ITHACA, N.Y. –– Ithaca Murals, now a thriving collective of artists that have created hundreds of murals across the city, is launching a fundraiser to renovate and expand their first ever mural in Ithaca –– the Underground Railroad Mural on Green Street.
The Underground Railroad Mural was the first project organized by IM leader Caleb Thomas back in 2008. The mural honors national leaders in the abolitionist movement Harriet Tubman and Frederick Douglass, and honors Ithaca’s connection to the movement –– Saint James AME Zion Church was an Underground Railroad station, and there were many other safehouses across Upstate New York.
Since 2008, IM has created over 150 unique murals across the city.
“I’ve been organizing murals in Ithaca for 11 years, always with an eye on justice and thinking about who’s represented in our cityscape,” said Caleb Thomas, the lead organizer of IM. “It’s time for people to get active and to support Black people, particularly Black wisdom, by any means necessary.”
The revitalized mural looks not only to celebrate Black leaders of the past, but also Black artists and community members of the present. Four Black artists will be working to bring the vision to life –– Maryam Adib, Jackie Richardson, Cyepress Rite, and Terrance Vann.
IM is hoping to raise over $20,000 for the project, and is offering incentives to those who donate. They have custom mugs and stickers for different price-points.
This mural project comes as racial justice movements have continued to make headlines both locally and across the country following the murder of George Floyd by Minneapolis police back in May.
Adib, one of the four artists, said the project was planned before widespread attention was brought to racial justice in Ithaca, but that coronavirus delayed its start.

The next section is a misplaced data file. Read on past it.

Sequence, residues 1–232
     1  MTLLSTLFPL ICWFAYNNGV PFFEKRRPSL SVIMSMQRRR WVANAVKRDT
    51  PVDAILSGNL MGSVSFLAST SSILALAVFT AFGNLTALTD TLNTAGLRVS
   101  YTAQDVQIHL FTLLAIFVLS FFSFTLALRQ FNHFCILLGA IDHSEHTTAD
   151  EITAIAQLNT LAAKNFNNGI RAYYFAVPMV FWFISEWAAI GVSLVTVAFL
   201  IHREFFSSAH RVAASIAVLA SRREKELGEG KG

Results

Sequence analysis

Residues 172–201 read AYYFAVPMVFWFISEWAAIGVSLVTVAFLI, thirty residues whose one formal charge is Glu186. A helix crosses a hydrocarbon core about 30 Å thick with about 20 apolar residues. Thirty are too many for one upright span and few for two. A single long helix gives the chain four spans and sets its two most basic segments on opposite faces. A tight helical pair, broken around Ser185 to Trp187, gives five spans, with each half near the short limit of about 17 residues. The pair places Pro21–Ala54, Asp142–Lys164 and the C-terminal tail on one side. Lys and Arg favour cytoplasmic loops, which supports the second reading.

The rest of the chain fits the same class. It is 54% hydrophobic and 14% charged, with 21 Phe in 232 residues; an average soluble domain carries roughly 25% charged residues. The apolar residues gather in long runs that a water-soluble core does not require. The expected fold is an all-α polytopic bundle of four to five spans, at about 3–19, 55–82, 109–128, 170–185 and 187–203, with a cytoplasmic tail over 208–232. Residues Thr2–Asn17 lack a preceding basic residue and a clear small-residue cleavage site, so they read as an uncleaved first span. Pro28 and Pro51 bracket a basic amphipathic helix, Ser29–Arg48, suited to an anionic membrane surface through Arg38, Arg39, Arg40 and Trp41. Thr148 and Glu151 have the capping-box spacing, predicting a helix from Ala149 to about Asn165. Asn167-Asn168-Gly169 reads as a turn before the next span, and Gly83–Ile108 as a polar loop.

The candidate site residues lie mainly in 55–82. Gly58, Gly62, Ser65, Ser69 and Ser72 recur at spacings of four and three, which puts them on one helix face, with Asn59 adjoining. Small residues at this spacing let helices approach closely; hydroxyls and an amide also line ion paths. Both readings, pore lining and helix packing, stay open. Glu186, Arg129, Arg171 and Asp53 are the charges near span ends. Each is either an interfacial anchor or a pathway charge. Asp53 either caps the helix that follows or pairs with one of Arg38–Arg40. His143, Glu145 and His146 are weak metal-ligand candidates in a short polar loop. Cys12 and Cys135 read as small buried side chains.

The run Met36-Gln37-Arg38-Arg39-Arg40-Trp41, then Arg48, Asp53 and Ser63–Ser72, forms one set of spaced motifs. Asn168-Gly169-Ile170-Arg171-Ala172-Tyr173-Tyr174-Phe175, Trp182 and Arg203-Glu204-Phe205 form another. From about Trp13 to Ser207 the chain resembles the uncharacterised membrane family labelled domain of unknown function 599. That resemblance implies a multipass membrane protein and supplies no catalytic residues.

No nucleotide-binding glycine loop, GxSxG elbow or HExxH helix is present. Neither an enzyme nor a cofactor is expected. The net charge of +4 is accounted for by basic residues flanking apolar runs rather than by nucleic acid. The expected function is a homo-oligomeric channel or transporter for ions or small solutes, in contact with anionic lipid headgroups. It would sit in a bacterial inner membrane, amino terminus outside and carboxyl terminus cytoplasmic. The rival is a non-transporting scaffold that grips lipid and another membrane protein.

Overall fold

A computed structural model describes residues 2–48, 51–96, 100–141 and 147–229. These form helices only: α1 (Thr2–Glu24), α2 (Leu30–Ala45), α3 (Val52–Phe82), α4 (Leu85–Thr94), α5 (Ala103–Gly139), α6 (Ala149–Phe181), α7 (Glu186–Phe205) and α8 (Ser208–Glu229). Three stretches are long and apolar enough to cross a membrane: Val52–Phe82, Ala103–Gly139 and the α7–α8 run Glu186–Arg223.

“Caleb had mentioned this to me six or seven months ago, wanting to revamp this mural. Then we met about a month or so ago: some community members, potential artists, people that are just really interested in getting this mural revamped,” Adib said. “It’s a beautiful mural but it’s also kind of chipping away.”
Cyepress Rite, another artist creating the new, expanded mural, said despite the plan for the project to start months ago, now is a perfect time to revitalize the mural.
“The community is very in tune as we’re experiencing COVID-19, the Black Lives Matter movement, and the intersections of all of this,” Rite said. “Now, as we’re in Black August, this month that has historically been a time where Black people, Black revolutionaries are writing and creating … it’s a perfect opportunity to re-imagine the blueprint that has been laid out and to honor our ancestors and those stories.”
While the artists are preserving the original theme of the mural and still focusing on the Underground Railroad’s significance to Black history in Ithaca, the artists say the revitalized mural will take a different approach to storytelling and looks to celebrate Black culture on top of Black history.
“Right now we all felt [the mural] was fragmented, and we want it to be something that flows together really beautifully. Having past and present and future all come together in a way where it works in a non-linear type of way, thinking about time as a constant,” Adib said. “We want it to be, of course, honoring the figures that are there, which is Harriet Tubman and Frederick Douglass, but also have symbolism that is meaningful to us as Black people”
Rite added, “It’s so essential to see ourselves reflected in the world around us. The importance of cityscapes and the stories that are being told on these structures around us where we live,” they said. “Art is life, and we’re constantly in creation. To do so intentionally and to harvest that power is very powerful.”
This project is the result of a collaboration between Southside Community Center and IM, and is relying heavily on donations from the fundraiser to pay for supplies. To donate check out the IM website, or donate by mail by sending checks to 501 South Cayuga St., Ithaca. IM also takes venmo @ithacamurals.
Adib and Rite said that the team hopes to finish the mural by October. After this project is complete, they hope to eventually open a studio for queer, Black artists to have a space to create art in Ithaca.
“The goal would be completely decolonizing these [artistic] spaces. And it starts with having one,” Rite said.
Photo courtesy of Ithaca Murals